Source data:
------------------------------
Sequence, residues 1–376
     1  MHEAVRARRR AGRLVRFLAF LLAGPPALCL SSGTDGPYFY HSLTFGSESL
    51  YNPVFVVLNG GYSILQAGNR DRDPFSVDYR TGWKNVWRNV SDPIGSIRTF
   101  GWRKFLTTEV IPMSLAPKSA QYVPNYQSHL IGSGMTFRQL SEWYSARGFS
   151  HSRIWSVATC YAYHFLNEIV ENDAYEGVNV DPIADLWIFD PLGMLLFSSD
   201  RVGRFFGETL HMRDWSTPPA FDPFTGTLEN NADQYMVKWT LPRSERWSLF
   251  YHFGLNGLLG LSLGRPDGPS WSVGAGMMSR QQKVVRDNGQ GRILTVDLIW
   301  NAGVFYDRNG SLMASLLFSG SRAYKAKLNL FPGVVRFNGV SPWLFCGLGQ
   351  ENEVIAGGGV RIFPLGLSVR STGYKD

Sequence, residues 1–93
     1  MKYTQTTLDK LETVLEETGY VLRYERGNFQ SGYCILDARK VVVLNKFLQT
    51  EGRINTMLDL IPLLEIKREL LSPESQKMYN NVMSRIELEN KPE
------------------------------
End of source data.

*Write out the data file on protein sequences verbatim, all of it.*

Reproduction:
Sequence, residues 1–376
     1  MHEAVRARRR AGRLVRFLAF LLAGPPALCL SSGTDGPYFY HSLTFGSESL
    51  YNPVFVVLNG GYSILQAGNR DRDPFSVDYR TGWKNVWRNV SDPIGSIRTF
   101  GWRKFLTTEV IPMSLAPKSA QYVPNYQSHL IGSGMTFRQL SEWYSARGFS
   151  HSRIWSVATC YAYHFLNEIV ENDAYEGVNV DPIADLWIFD PLGMLLFSSD
   201  RVGRFFGETL HMRDWSTPPA FDPFTGTLEN NADQYMVKWT LPRSERWSLF
   251  YHFGLNGLLG LSLGRPDGPS WSVGAGMMSR QQKVVRDNGQ GRILTVDLIW
   301  NAGVFYDRNG SLMASLLFSG SRAYKAKLNL FPGVVRFNGV SPWLFCGLGQ
   351  ENEVIAGGGV RIFPLGLSVR STGYKD

Sequence, residues 1–93
     1  MKYTQTTLDK LETVLEETGY VLRYERGNFQ SGYCILDARK VVVLNKFLQT
    51  EGRINTMLDL IPLLEIKREL LSPESQKMYN NVMSRIELEN KPE